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Community feedback sought on safer schools

August 20, 2016   ·   0 Comments

By Brock Weir

Summer is winding down to a close and parents are now turning their minds to the Back to School season, but as you go about getting new supplies and clothes for your kids, take a moment to think about what needs to be done to make schools the safest places they can be.

The Upper Grand District School Board and area police departments, including the Shelburne Police Service, are seeking input from the public on their new investigation protocol, which outlines the working relationship between schools, police and the public, and responses to occurrences on school property requiring police investigation or response to individual schools and boards.

According to the Upper Grand District School Board, the new protocol is “designed to encourage, enable and maintain a positive relationship between police officers, school administrators, staff, students, parents, members of the school community, and establishes guidelines for these various relationships.”

The new document has been drafted under the guidance of the Ministry of Education and, according to Heather Loney of the Upper Grand District School Board, has been updated after a decade to reflect the very real issues being faced by the students of today.

“Cyberbullying was just not something that was mentioned in the previous (2011) document due to the age of the previous protocol,” she says. “We decided to add something about cyberbullying in the definitions and glossary. We were absolutely making sure it was in line with the provincial model and we still needed to make sure it made sense for us and our partners in education and with the police staff.”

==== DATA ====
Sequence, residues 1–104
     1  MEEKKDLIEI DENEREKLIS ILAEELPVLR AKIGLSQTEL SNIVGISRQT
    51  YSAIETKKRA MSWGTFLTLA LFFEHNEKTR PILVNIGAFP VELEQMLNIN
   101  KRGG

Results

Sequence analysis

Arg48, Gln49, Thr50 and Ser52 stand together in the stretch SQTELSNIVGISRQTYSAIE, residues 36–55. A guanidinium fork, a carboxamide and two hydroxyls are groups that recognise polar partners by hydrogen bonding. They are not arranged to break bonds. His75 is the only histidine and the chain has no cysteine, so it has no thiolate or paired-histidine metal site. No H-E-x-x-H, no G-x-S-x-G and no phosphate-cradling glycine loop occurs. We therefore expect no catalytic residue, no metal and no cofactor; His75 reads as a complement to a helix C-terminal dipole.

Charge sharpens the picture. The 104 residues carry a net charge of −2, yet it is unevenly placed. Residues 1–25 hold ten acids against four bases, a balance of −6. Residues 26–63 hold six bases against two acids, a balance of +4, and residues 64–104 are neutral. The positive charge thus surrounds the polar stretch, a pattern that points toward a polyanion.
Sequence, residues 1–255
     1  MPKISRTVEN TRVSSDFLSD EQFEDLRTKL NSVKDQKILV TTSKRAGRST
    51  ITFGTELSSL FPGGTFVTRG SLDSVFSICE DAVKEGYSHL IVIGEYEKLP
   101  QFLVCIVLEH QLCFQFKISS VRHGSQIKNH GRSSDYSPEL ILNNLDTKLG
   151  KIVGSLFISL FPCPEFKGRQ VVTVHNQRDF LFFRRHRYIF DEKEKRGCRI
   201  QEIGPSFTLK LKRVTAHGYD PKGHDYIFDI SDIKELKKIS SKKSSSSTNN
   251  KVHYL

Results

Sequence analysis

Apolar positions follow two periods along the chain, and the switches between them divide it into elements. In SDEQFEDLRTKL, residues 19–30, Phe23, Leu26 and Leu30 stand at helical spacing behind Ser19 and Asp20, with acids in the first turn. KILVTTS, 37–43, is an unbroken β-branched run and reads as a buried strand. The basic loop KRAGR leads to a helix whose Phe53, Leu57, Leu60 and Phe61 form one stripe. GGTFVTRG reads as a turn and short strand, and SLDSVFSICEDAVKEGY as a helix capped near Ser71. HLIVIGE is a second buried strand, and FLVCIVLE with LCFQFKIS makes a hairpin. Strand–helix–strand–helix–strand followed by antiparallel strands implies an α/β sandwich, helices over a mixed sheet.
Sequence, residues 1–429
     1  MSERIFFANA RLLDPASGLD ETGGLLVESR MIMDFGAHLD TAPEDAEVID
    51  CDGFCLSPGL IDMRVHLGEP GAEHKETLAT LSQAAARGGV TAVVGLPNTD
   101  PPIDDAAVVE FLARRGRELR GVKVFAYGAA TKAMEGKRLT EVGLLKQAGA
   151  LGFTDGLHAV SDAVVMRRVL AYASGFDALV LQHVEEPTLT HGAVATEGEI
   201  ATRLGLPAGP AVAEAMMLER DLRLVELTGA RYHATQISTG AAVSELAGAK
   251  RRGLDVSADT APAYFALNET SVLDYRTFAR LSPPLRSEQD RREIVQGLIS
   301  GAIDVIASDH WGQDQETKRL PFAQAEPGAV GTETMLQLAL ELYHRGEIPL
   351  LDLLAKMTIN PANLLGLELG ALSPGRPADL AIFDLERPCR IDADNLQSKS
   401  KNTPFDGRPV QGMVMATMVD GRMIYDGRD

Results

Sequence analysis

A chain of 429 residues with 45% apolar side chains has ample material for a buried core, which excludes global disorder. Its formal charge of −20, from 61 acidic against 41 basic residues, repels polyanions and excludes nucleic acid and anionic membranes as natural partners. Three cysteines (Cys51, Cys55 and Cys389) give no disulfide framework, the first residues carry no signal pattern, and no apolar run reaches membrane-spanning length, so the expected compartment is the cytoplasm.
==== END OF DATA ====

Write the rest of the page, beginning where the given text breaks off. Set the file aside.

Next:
While there are board-wide initiatives on how to tackle bullying and anti-bullying initiatives, each school has an individual plan on how to raise awareness and create a safe and accepting environment. These initiatives can include anti-bullying weeks and, more recently, the installation of “Buddy Benches”, which “tries to promote empathy and inclusion.”

The revised document outlines the roles and responsibilities of police officers, school staff and community members when incidents occur, including when a principal should contact police, when such calls should be mandatory or at the principal’s discretion, steps that should be taken if there is to be an investigation on school property, or police having to interview a student.

Over the weekend, Shelburne Police investigated a lone car parked at Hyland Heights Elementary School where there was evidence of marijuana possession inside the car. As a result of the investigation, one adult and one youth were charged with possession-related offences.

Although this is one example of an investigation that would take place at a school, the document does not outline the courses of action in specific offences such as these or any types of specific offences.

“Police and school boards have an effective working relationship and jointly together this is something they are doing to try and ensure the safety of students and people who are in our school – staff and community members,” she says. “It is something that directly affects them in their community. It could be their children attending a school. We want to make sure when there is an incident, everyone knows what the rules and responsibilities are, that when police go into a school there are the same protocols and procedures, depending on what school, so it is not changing every time they go in.

“If there is an emergency, the police can respond faster, the staff can respond faster, and they can work together because everyone knows who is responsible for what in an emergency situation. The Police play a crucial role in supporting the efforts of the boards and the school communities to ensure schools are a safe place for children to learn and for staff to work. It is community-based, it is our schools and it is people’s children. I think it is valuable for members of the community to read over this document and give their feedback.”

 

To view the document and provide feedback, visit www.ugdsb.on.ca.

         

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